Building peace in complex contexts of psychosocial trauma: an integrated framework

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This chapter addresses the challenges and issues of integrating psychosocial trauma and related support structures into peacebuilding processes. It discusses a comprehensive peacebuilding framework as a means of linking psychosocial support to a comprehensive peace plan. The framework is clear about the need for psychosocial support in the trauma awareness and recovery process of individuals and groups - after their experiences of complex violence and related ongoing circumstances. I present a model for building peace in the Peacebuilding Wheel (Figure 4.1). Peacebuilding as understood in this model requires many actors and skill sets working together to allow the wheel to move forward. The integration of these elements and operationalization of this theoretical model has its roots in peacebuilding and humanitarian and development work that has been put in place over the past several decades (Lederach 1997; Schirch 2004; Wessells 2008; Zelizer 2013); it is suggested here that there is a need for imaginative thinking to revitalize and further develop this integrative process.

Of course, such an approach to change requires the willingness of numerous actors and organizations, as well as donors, to work out the means toward a more comprehensive and dynamic peace process. When this is done in regard to postwar and other complex violent conflicts, improved mental health and individual and collective resilience and well-being can be more fully realized.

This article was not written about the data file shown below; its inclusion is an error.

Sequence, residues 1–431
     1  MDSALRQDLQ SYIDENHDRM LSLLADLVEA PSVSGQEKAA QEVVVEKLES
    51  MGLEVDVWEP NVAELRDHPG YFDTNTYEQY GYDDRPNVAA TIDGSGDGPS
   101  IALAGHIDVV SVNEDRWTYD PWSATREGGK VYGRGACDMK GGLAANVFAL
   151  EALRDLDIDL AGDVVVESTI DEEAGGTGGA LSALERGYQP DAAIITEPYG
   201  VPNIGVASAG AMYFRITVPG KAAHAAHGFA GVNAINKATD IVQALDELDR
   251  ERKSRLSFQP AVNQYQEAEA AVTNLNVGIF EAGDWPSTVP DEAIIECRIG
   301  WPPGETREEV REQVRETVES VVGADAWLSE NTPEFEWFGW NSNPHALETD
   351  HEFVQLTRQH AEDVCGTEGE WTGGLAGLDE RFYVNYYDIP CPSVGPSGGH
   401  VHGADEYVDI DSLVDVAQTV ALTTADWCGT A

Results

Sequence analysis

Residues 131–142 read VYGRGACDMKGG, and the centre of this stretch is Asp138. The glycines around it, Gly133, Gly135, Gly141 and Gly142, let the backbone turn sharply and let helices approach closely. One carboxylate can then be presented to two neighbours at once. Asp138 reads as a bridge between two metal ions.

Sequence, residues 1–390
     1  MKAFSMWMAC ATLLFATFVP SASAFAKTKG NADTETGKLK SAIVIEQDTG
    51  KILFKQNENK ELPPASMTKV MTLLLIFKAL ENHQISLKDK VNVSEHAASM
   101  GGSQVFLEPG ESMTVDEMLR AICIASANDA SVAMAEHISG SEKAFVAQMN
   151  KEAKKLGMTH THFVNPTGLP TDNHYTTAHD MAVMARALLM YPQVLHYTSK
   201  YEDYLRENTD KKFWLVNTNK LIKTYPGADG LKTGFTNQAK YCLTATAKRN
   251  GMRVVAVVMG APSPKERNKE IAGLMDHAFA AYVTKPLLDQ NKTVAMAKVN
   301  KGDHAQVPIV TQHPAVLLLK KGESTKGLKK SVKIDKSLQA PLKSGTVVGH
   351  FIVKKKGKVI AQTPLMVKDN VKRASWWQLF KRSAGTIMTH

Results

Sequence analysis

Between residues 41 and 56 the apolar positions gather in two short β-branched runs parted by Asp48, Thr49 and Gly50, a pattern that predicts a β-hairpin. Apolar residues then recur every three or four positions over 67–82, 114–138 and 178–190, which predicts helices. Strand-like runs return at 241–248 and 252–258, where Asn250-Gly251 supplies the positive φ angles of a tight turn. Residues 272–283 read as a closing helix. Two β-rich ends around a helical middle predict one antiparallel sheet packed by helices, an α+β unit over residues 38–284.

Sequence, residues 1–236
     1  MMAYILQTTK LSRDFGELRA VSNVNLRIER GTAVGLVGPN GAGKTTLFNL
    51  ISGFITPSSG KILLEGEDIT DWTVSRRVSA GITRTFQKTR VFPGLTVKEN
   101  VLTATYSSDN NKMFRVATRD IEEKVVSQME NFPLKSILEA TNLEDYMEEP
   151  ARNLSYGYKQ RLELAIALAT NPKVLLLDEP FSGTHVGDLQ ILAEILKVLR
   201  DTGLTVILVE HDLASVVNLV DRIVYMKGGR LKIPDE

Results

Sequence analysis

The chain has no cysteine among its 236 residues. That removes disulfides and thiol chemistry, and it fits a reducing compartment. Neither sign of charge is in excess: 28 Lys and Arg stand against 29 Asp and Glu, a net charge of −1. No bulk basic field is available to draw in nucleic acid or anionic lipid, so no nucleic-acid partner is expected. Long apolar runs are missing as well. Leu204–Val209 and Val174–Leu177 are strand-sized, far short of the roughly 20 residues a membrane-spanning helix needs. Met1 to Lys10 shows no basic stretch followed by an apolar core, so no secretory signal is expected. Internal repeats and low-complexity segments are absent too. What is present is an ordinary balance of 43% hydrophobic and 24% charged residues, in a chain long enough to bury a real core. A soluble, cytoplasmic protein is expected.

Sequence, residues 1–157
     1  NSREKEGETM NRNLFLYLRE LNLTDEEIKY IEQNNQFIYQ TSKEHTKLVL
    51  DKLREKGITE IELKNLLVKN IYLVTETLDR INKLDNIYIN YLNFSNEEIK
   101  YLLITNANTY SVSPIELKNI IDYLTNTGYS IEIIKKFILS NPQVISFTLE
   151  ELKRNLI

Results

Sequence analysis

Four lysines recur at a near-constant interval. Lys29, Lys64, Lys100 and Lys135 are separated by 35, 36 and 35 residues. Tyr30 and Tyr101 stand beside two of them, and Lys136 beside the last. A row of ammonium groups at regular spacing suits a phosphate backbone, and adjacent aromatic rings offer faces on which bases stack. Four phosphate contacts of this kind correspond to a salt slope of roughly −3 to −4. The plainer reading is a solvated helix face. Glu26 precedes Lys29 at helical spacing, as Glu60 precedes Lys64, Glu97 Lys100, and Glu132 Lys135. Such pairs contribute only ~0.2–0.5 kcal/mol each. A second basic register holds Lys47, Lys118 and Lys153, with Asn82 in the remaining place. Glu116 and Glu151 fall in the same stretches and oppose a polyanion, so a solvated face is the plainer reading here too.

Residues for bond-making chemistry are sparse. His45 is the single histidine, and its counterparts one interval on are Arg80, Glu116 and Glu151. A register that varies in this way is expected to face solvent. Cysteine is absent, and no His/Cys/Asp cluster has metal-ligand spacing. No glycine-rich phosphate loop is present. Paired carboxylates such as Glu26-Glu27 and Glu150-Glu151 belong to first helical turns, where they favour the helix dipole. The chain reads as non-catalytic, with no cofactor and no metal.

It is therefore important to first engage in a discussion about what peacebuilding is, its evolution, current status and what it is moving toward. Within this larger discussion, this chapter focuses on psychosocial change processes and their relationship to peacebuilding now and possibilities for the future. I present several examples specific to Bosnia and Herzegovina that reflect this relationship, ones that demonstrate the high relevance of psychosocial trauma awareness, recovery and well-being as part of the larger process of building peace with justice.


According to Johan Gaining, a founder of the field of peace studies, peacebuilding, "focuses on transforming relationships and structures in society to decrease

The Peacebuilding Wheel (Hart 2008. ix)

Figure 4.1 The Peacebuilding Wheel (Hart 2008. ix)

the likelihood of future conflicts” (Zelizer 2013,7). Other scholars also emphasize the necessity of both relationships and structures, and the need to engage all levels of society in building peace after war and other major acts of violence (Lederach 2003; Scliirch 2004).

Lisa Schirch notes that peacebuilding has two broad meanings, which refer "to the direct work that intentionally focuses on the factors driving and mitigating conflict. . . [and] to the efforts to coordinate or set up channels for communication to develop a comprehensive multilevel, multi-sectoral strategy" (2013, 7). These include, but are not limited to governance, justice, education, psychosocial trauma awareness and recovery processes, education, and humanitarian assistance and development. Peacebuilding is therefore "an overarching concept useful for describing a range of interrelated efforts" (Ibid., 8).

For the purposes of this chapter, the focus will be on strategic peacebuilding that involves the following characteristics:

  • • Works at all levels of society and is rooted in different cultures around the world.
  • • Dependent on deep and sensitive analysis of conflict, determining the causes and trajectory of the violence.